Ergonomics is the focus of June National Safety Month this week. Ergonomics is not a word I use everyday, so I looked it up in the trusty dictionary. It means, “the study of the problems of people in adjusting to their environment; esp. the science that seeks to adapt work or working conditions to suit the worker (Webster’s New World Dictionary, p. 461).”
As a side, I remember asking my grade school teacher how to spell a word and she’d say look it up in the dictionary. I never could quite figure that out, because how can you look up a word unless you know how to spell it; however, I’d look using different combinations of vowels and consonants, find the word, and get the bonus of the definition too.
Now to add a bonus to the definition click on ergonomics and you’ll have the National Safety Council’s web page. To do the job smarter at work and home, taking steps not to overexert one’s body by doing things such as overexertion while lifting or sitting too long in one position (slouching at the computer like in the photo) is the key to prevention of ergonomics that can cause physical pain.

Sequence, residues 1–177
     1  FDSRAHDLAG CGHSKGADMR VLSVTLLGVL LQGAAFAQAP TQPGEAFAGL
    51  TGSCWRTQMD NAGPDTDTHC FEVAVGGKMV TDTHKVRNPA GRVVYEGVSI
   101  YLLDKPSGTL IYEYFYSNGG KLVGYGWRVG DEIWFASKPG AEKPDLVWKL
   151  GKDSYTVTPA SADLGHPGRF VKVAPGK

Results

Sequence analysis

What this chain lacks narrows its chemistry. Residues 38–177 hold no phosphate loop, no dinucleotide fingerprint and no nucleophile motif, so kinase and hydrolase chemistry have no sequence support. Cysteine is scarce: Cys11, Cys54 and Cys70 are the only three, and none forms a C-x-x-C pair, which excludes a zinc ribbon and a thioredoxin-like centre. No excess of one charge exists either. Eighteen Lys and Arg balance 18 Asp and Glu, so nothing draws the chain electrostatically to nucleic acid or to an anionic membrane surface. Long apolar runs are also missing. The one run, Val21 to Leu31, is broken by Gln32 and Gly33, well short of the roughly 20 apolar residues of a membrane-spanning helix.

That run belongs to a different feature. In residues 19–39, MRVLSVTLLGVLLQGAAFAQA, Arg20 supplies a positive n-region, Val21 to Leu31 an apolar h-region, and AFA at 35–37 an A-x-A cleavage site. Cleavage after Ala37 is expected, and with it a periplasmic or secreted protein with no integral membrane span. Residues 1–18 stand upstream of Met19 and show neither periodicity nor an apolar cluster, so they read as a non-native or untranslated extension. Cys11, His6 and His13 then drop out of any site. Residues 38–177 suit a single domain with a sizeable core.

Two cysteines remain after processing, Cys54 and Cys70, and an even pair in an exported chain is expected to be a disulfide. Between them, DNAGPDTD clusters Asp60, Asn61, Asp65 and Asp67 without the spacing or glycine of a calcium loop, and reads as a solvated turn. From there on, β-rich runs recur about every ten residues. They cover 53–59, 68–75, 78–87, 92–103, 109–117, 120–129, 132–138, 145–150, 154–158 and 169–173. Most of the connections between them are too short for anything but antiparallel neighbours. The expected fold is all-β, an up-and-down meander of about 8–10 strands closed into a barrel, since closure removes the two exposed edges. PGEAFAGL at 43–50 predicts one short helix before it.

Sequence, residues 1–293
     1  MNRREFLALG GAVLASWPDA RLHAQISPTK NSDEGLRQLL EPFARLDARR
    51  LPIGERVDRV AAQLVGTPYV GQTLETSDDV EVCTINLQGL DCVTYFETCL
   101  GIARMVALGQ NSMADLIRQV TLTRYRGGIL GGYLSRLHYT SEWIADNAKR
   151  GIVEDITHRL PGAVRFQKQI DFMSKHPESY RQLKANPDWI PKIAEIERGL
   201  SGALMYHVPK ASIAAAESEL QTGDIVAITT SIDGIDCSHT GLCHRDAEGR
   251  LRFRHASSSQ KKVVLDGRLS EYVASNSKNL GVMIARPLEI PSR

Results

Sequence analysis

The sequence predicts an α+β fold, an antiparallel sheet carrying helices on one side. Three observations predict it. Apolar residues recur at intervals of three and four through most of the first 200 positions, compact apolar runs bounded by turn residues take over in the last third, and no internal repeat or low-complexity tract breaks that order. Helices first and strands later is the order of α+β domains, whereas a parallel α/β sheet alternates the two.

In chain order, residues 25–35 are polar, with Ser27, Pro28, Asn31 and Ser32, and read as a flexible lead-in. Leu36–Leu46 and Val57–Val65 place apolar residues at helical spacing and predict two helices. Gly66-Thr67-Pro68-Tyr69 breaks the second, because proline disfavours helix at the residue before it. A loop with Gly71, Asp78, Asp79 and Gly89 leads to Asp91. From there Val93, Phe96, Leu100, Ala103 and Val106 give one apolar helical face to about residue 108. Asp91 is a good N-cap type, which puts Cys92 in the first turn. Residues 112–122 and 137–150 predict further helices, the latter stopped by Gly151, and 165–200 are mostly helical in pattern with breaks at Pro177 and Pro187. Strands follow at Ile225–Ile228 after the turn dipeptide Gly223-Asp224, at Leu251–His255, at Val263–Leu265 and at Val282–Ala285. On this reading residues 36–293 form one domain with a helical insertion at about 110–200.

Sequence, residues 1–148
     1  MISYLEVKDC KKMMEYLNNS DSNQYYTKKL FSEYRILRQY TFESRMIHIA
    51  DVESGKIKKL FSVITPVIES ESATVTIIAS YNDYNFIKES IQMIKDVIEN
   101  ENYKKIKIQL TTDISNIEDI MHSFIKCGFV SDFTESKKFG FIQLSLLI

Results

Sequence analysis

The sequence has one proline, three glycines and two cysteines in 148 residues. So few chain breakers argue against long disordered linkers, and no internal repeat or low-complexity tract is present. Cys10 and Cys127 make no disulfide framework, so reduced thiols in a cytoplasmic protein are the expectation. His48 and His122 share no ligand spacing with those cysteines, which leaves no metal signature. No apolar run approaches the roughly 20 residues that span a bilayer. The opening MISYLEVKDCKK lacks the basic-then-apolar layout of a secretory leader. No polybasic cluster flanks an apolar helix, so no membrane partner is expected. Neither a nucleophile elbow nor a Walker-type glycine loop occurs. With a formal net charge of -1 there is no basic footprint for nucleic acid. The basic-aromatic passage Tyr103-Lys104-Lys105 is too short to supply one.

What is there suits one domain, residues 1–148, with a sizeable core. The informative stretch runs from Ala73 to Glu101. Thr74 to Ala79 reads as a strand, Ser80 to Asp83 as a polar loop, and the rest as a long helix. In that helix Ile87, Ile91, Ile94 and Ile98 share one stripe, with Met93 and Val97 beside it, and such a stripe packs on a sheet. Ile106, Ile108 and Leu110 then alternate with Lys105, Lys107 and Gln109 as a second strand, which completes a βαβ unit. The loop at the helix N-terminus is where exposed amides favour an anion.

Practical steps are certainly something to consider, yet there is something more Americans consider for their physical wellness. It is turning to God in prayer. From 2002 to 2007 the use of prayer significantly increased from 42% to 49% according to a study published in Psychology of Religion and Spirituality, and it is has no doubt continued to rise.
One time I injured my hip while replanting large lilies in my yard. I experienced a healing though prayer. My testimony “Helping Others Brings Healing” can be found on JSH-Online that gives a portal to 129 years of Christian Science publishing of the Christian Science Sentinel, The Christian Science Journal, and The Herald of Christian Science. Please take a look, and let me know what you think about this new website.